From a buyers-perspective the small updates (tocks) makes the market overcrowded with unnecessary products, so yeah I'd prefer a situation with a two-year cycle, where there's only ticks and no tocks.
Trouble is, the tick-tock thing is all about minimising the potential for screw-ups - not maximising the frequency of product launches (although I'm sure Intel hates that.) Doing a die shrink, as the Broadwell delay has proven, ain't easy; doing an entirely new microarchitecture with all-new features also ain't easy. Doing both at the same time: Eugh. Nightmare.

Tick-tock lets Intel work on creating a new microarchitecture, then making it work at a smaller process node, then use what it learnt to create a new microarchitecture on that same node before shrinking it down to an even-smaller node. Now, Intel could arguably still do this on a two-year cycle - spend a year building and proving the new architecture then another year shrinking it to a new process before releasing it - but that has significant risk involved. Getting it out of the door and in customers' hands at both stages of development, rather than just at the end of the development cycle, means Intel can see what works and what doesn't - and use that knowledge for the next version. 14nm proved a pain for Broadwell; the glitches should hopefully be ironed out in time for Skywell. Major errata in Sandy Bridge; fixed in Ivy Bridge.
schmidtbag 17th April 2014, 15:57 Quote
Quote:
Originally Posted by Hustler
Here's an idea Intel,

Drop the price of the Haswell i5/i7 chips by $30 & $50 across the entire range today, and see that unsold stock clear in no time.

Of course....you wont do it though.

For some of their products, it's going to be more than $50 off for me to be willing to pay. But to me the real problem with intel is it's getting increasingly difficult to justify an upgrade. Sandy Bridge is still more than sufficient for most purposes and still pretty power efficient.

I'd argue that intel should focus more on their IGPs, but I honestly don't think that really matters. When people buy an intel CPU, they're not buying it for the IGP. That being said, it'd bother me to know that the high premium I pay is partially going to something that a discrete GPU disables. Personally, I think intel should remove the IGP from their i7 products and improve it in everything else.
Corky42 17th April 2014, 16:52 Quote
Quote:
Originally Posted by jrs77
From a buyers-perspective the small updates (tocks) makes the market overcrowded with unnecessary products, so yeah I'd prefer a situation with a two-year cycle, where there's only ticks and no tocks.

Odd, i prefer the tocks.
As Gareth pointed out, normally the tock improves or fixes any problems discovered from the tick.
schmidtbag 17th April 2014, 17:04 Quote
Quote:
Originally Posted by Corky42
Odd, i prefer the tocks.
As Gareth pointed out, normally the tock improves or fixes any problems discovered from the tick.

Yeah, but maybe if intel had longer release cycles, such issues wouldn't occur in the first place. What exactly is intel in such a rush for anyway? With AMD so far behind the high-end CPUs, intel could use the same product for the next 3 or 4 years. At this point it feels like intel is just releasing new products simply because they can, but it doesn't seem their approach is very profitable lately considering the dropping sales.
jrs77 17th April 2014, 18:39 Quote
Quote:
Originally Posted by Gareth Halfacree
Trouble is, the tick-tock thing is all about minimising the potential for screw-ups - not maximising the frequency of product launches (although I'm sure Intel hates that.) Doing a die shrink, as the Broadwell delay has proven, ain't easy; doing an entirely new microarchitecture with all-new features also ain't easy. Doing both at the same time: Eugh. Nightmare.

Tick-tock lets Intel work on creating a new microarchitecture, then making it work at a smaller process node, then use what it learnt to create a new microarchitecture on that same node before shrinking it down to an even-smaller node. Now, Intel could arguably still do this on a two-year cycle - spend a year building and proving the new architecture then another year shrinking it to a new process before releasing it - but that has significant risk involved. Getting it out of the door and in customers' hands at both stages of development, rather than just at the end of the development cycle, means Intel can see what works and what doesn't - and use that knowledge for the next version. 14nm proved a pain for Broadwell; the glitches should hopefully be ironed out in time for Skywell. Major errata in Sandy Bridge; fixed in Ivy Bridge.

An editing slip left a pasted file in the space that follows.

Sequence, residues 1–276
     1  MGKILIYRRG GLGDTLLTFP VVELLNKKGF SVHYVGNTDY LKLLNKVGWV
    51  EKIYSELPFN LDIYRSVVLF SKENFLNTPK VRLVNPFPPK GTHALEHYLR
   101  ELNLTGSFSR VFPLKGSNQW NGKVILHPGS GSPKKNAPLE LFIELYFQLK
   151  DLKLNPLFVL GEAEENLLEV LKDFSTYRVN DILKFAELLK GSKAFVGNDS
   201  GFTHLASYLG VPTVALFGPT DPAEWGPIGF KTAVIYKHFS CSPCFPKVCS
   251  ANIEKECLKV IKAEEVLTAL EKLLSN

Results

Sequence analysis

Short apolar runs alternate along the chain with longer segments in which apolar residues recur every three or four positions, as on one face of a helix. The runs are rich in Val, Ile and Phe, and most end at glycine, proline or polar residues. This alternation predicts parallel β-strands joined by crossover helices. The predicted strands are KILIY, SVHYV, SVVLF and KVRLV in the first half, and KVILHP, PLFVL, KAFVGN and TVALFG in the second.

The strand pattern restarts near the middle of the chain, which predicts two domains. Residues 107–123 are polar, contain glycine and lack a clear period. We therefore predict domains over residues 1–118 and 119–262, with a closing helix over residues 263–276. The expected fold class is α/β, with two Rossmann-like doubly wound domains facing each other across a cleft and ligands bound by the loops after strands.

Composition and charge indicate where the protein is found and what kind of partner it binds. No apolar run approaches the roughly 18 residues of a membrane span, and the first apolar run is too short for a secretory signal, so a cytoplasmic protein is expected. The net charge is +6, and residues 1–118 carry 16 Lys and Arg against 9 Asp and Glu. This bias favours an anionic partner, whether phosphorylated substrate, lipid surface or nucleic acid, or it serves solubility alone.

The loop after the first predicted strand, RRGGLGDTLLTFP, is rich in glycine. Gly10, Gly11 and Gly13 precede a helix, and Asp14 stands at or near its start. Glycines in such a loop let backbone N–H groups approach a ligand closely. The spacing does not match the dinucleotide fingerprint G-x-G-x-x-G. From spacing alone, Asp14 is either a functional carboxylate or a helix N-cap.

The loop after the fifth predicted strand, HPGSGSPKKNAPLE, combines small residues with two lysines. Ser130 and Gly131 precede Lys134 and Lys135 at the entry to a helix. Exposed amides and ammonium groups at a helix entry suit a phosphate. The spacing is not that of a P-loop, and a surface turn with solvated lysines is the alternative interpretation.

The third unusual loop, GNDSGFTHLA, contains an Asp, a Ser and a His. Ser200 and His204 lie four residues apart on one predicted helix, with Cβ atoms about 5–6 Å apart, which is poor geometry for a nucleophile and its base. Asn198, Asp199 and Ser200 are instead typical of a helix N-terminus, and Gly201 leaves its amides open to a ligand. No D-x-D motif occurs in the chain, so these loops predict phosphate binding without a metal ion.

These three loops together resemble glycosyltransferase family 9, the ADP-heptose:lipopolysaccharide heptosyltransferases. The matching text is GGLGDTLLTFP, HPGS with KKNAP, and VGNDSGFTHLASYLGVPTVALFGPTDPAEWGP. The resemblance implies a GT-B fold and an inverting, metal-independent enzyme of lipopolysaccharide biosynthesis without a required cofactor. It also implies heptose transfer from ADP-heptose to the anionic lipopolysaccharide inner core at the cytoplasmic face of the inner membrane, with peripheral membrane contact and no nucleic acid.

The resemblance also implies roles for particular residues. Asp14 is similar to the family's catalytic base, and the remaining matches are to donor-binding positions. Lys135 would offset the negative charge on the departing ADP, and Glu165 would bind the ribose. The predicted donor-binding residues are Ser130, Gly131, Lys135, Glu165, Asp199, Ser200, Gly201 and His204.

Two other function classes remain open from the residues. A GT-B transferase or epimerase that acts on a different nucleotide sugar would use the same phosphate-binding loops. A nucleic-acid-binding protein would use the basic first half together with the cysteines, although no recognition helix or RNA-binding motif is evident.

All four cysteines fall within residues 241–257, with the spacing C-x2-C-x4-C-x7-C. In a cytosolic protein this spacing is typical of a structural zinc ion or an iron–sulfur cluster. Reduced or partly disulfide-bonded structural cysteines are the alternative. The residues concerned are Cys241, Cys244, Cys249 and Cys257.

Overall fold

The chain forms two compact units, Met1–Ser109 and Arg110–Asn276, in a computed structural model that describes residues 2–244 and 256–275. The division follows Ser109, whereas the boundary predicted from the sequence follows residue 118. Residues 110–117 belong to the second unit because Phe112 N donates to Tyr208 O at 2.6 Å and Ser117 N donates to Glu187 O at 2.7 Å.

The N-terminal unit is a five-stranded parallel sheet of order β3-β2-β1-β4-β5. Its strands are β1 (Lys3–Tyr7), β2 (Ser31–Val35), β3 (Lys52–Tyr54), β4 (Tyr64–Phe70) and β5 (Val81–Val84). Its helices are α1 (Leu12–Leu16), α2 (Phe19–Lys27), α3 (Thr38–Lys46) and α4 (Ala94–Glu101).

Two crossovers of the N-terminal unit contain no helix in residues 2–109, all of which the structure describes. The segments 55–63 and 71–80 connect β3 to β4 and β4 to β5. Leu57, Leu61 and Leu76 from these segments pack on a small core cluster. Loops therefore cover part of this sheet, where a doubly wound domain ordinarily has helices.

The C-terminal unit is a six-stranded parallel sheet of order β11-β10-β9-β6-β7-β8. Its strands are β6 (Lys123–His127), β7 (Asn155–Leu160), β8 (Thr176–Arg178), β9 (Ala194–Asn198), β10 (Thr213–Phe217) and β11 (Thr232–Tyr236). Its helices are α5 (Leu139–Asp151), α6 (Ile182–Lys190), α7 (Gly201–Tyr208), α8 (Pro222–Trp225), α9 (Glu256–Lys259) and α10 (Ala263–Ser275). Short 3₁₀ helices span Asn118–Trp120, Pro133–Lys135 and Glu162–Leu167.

What major errata in Sandy Bridge?

And Broadwell will not be a die-shrink from Haswell, but a totally new architecture, as they remove the controller from the die, etc.

Also. They can take their time ironing out glitches in their offices as they like, but they don't need to release those tock-thingies to the public. A new CPU every two years is perfectly fine.
Gareth Halfacree 17th April 2014, 19:50 Quote
Quote:
Originally Posted by jrs77
What major errata in Sandy Bridge?
I was speaking hypothetically, although there are some eyebrow-raising errata (PDF) listed from page 22 onwards for the latest mobile chips. Then there was the bug in the Sandy Bridge supporting logic chipset - not the CPU itself, I'll grant you - which meant Intel had to recall eight million chips...
Quote:
Originally Posted by jrs77
And Broadwell will not be a die-shrink from Haswell, but a totally new architecture, as they remove the controller from the die, etc.
That doesn't alter the microarchitecture, just the design: Broadwell is the Haswell microarchitecture, with only minor changes. You won't get a new microarchitecture until Skylake. That's how tick-tock works.
Quote:
Originally Posted by jrs77
Also. They can take their time ironing out glitches in their offices as they like, but they don't need to release those tock-thingies to the public. A new CPU every two years is perfectly fine.
Too expensive; they need to build the chips anyway to prove the new microarchitecture/process node. If they built a dozen to test, they'd cost millions of dollars each; build a few million and sell 'em, and your test units cost a few dollars each. Which would you rather do? Then there's the fact that not all bugs will be found in the lab, but when you've got a few million units in the wild it's a different matter...
mi1ez 22nd April 2014, 00:50 Quote
A Skylake ramp? I can't be the only person who sees that phrase and thinks of Evel Knievel...
Yadda 22nd April 2014, 01:17 Quote
Quote:
Originally Posted by mi1ez
A Skylake ramp? I can't be the only person who sees that phrase and thinks of Evel Knievel...

:)

It reminded me of Alton Towers.
Nexxo 22nd April 2014, 08:57 Quote
Of course the advantage of each new release is that last year's almost as capable model drops a bit in price. And we like cheaper chips, don't we?